Marriage Story ends in a circle of sorts with the discovery of Nicole’s notes about Charlie’s best qualities. Their marriage was effectively over before the film even started, but I kept thinking back to that lovely introductory scene. How might their journey to divorce progressed if they had the courage to speak openly to each other in that one moment? Perhaps something might have been better. Marriage Story doesn’t harbor any of those romantic illusions, however; once it’s over, it’s over.

Editor’s Note: This article was originally published on September 12, 2019, as part of our coverage of the Toronto International Film Festival.

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Don’t Be Sad ‘A Rainy Day in New York’ Never Made it to Manhattan

Spend this rainy day playing a board game or something

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Rainy Day in New York

You do not come to late-era Woody Allen for anything resembling true originality. He is the drunken piano man, riffing off the same old hits in the same old bar, hoping that nostalgia will hit a chord with somebody. As in Midnight in Paris, Blue Jasmine, or even Irrational Man, his output over the last decade can still bring up moments of true inspiration and fresh-feeling angles on the same old tales, even if the plot-lines feel somewhat familiar. In the best humanist cinema, like that of Rohmer or Ozu, this repetition can make you see the same thing in a slightly different way. The same cannot be said of A Rainy Day in New York, a film so derivative it feels like it came out of an auto-generator, making me feel nothing but contempt for the waste of so much talent. If you are an American Woody Allen fan sad that this movie never made it to Manhattan, there’s honestly no need to be.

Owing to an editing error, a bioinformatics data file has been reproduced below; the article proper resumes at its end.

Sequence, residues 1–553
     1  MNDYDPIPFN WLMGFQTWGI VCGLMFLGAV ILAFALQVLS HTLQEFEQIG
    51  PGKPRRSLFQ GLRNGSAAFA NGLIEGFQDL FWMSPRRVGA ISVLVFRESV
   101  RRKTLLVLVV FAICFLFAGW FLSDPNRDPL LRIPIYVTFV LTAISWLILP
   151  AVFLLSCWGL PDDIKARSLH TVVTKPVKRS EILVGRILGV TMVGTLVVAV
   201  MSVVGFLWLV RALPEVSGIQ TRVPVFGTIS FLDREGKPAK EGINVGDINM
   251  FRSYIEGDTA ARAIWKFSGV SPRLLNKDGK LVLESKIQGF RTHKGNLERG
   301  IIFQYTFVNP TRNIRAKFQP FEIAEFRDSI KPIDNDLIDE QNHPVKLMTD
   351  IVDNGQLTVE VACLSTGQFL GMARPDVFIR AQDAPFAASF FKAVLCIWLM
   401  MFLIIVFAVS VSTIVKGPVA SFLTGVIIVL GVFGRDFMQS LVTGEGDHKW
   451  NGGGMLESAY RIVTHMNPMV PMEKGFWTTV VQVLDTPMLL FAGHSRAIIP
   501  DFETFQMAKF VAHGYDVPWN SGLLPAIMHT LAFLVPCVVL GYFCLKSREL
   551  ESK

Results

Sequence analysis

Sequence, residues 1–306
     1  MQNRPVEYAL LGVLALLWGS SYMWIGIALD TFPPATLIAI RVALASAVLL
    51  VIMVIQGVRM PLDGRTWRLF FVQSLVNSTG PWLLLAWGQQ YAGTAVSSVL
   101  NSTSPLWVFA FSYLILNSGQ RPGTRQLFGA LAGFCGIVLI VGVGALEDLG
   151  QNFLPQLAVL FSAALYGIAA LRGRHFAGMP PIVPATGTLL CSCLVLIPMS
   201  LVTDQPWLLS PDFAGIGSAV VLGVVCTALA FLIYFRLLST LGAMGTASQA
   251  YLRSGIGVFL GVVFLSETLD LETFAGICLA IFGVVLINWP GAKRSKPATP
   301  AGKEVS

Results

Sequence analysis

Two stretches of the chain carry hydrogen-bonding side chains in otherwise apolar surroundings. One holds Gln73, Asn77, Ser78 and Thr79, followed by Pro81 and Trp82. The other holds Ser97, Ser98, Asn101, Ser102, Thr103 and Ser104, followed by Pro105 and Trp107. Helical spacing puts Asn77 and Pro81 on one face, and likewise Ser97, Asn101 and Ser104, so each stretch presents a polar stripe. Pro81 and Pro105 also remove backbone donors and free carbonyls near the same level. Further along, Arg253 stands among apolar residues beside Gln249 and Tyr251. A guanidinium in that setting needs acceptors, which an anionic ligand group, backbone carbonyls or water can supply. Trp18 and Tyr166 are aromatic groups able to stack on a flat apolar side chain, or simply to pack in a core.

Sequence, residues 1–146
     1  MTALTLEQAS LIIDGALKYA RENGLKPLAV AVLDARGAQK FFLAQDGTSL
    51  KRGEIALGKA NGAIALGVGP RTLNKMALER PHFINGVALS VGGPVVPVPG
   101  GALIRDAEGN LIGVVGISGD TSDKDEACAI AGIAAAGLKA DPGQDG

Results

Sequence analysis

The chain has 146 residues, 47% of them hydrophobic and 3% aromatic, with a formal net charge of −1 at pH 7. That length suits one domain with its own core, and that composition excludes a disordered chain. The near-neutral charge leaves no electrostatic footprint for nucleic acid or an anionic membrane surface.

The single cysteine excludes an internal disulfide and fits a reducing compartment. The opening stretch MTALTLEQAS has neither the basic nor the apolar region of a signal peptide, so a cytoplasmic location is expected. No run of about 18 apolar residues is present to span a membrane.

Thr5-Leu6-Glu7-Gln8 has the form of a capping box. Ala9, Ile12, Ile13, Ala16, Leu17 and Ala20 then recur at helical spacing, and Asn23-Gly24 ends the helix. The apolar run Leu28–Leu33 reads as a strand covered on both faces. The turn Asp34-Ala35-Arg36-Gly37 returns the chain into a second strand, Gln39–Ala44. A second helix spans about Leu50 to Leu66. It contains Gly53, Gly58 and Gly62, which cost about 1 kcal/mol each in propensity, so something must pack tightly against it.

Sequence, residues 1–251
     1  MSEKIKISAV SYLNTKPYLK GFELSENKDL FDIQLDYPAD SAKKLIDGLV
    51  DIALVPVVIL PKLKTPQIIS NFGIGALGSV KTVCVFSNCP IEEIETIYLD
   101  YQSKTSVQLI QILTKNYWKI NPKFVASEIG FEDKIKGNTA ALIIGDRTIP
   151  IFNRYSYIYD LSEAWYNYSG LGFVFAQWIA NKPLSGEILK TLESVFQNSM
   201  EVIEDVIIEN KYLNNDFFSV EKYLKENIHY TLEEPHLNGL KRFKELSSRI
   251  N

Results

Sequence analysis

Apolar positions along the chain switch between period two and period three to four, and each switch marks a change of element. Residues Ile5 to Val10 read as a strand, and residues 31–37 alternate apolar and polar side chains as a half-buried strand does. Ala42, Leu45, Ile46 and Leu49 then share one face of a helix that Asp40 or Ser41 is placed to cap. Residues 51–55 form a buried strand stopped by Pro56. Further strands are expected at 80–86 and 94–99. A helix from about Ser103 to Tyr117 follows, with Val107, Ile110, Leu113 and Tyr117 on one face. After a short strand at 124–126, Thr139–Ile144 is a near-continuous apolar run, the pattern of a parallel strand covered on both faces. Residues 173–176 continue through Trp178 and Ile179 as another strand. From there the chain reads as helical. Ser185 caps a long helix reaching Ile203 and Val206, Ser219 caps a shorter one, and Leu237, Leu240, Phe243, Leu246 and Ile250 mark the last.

Timotheé Chalamet stars and narrates in a performance so poor that he must be happy this film hasn’t released back in the States. He plays Gatsby Wells, a student at upstate Yardley College, a place he detests yet tolerates because his beloved girlfriend Ashleigh (Elle Fanning) — heiress to a rich banking empire in Tucson — also studies there. As a writer for the University paper, she gets the chance to interview famous director Roland Pollard (Liev Schreiber), giving them the possibility to explore New York together. Yet when they arrive there, a series of misunderstandings, mishaps, and fear of missed opportunities keeps them perpetually apart, handing them the chance to explore romance with others — including old flames, movie stars and, of course, high-priced escorts. 

Although his first name is Gatsby, Wells better resembles the other great male of 20th century American literature: Holden Caulfield. Like the protagonist of The Catcher in the Rye, he is born of massive privilege, shunning his supposedly phoney origins while still visiting the fanciest hotels and drinking in the fanciest bars. There is perhaps some kind of interesting modern portrait of New York privilege in here, but Woody Allen is simply not the right director for the material. It’s like asking a jazz pianist to bash out a techno tune.